Altium's Design Data Management System provides various features and technologies to cater for your data management requirements and can essentially be broken down into three distinct sub-systems:
- Component Management – concerned with the management of next-generation vault-based components, their referenced domain models, and the Part Choices that empower a component to straddle both Design and Supply Chain areas.
- Design Content Management – concerned with the management of reusable design content, including Schematic Sheet Items, Template Items, and Reference Design Items.
- Production Release – concerned with high-integrity board design release management, to generate the data required by the supply chain to build the physical items (fabrication of the bare boards and manufacture of the assembled boards in accordance with BOM information).
In addition, and providing the foundation upon which all three sub-systems are built, is Altium's Vault Server technology. A distinct design solution in its own right, an Altium Vault Server works in harmony with Altium Designer to provide an elegant answer to the question of handling design data with secured integrity.
Although each individual sub-system offers distinct advantages in its own right, to fully embrace the Vault-Driven Electronics Design methodology requires that the entire design process be vault-centric. In other words, all elements of a design – from humble components, through to managed sheets of reusable circuitry, to a complete satellite design module that plugs into a parent board in another design – should come from a vault. If any element of a design is not sourced from within a vault, then that design is not considered to be a truly vault-driven design, and its integrity may suffer as a result.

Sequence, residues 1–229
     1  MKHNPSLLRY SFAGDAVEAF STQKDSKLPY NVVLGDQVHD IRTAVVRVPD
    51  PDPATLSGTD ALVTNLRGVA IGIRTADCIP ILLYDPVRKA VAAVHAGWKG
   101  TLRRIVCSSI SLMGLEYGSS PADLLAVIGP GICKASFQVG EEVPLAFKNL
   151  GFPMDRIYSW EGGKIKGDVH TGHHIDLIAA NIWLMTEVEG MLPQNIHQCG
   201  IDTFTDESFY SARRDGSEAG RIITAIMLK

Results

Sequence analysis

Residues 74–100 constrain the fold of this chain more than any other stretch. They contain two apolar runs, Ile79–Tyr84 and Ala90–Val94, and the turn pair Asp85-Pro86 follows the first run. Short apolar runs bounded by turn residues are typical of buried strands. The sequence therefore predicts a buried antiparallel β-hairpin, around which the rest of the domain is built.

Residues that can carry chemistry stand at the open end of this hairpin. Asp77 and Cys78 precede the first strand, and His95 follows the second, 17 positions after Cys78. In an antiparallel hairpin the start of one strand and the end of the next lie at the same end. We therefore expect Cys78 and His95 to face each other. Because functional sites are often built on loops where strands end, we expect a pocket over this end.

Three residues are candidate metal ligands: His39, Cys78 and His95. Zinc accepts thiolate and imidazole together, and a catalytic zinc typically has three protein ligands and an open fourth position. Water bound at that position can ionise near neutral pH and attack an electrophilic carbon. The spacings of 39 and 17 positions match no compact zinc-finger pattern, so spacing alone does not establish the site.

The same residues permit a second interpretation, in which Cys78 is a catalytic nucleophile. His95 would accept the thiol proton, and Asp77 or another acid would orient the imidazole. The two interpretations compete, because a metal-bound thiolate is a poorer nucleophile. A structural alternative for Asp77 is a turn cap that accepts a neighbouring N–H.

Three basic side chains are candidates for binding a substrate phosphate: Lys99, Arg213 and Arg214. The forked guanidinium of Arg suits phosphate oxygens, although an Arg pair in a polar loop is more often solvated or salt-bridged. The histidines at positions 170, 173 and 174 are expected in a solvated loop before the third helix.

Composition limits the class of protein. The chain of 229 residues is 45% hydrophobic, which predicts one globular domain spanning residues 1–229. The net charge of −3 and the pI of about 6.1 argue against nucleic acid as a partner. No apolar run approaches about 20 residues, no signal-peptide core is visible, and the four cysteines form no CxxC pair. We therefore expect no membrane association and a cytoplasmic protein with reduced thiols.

So, you would typically create collections of vault-based components under the next-generation component management model, and use these components in your designs. You may build collections of managed schematic sheets of circuitry, using these vault-based components. And using a combination of these components and schematic sheets, you can create designs that have integrity built-in from the lowest domain model, through components and on to the design itself. A hierarchy of design building blocks with each undergoing revision and lifecycle management. With the ability to see where a particular managed schematic sheet or component is used, and confident that a board design cannot be released to prototype or production unless its lower-level vault-based entities are in a state to do so.
The Product Development Landscape
Before taking a look at Altium's Vault-Driven Electronics Design methodology, it is a good idea to take a step back and consider the people that are involved in the process of turning an idea into a fully-fledged product for sale in real-world markets – the 'players' in the game as it were.
On the one side, we have the people that take an idea and capture it as a fresh design. These are the engineers and designers who revel in their technical mastery to overcome design challenges, to create and innovate with design flair and panache. These people collectively form the Design Team, with their work environment affectionately tagged the Design Area.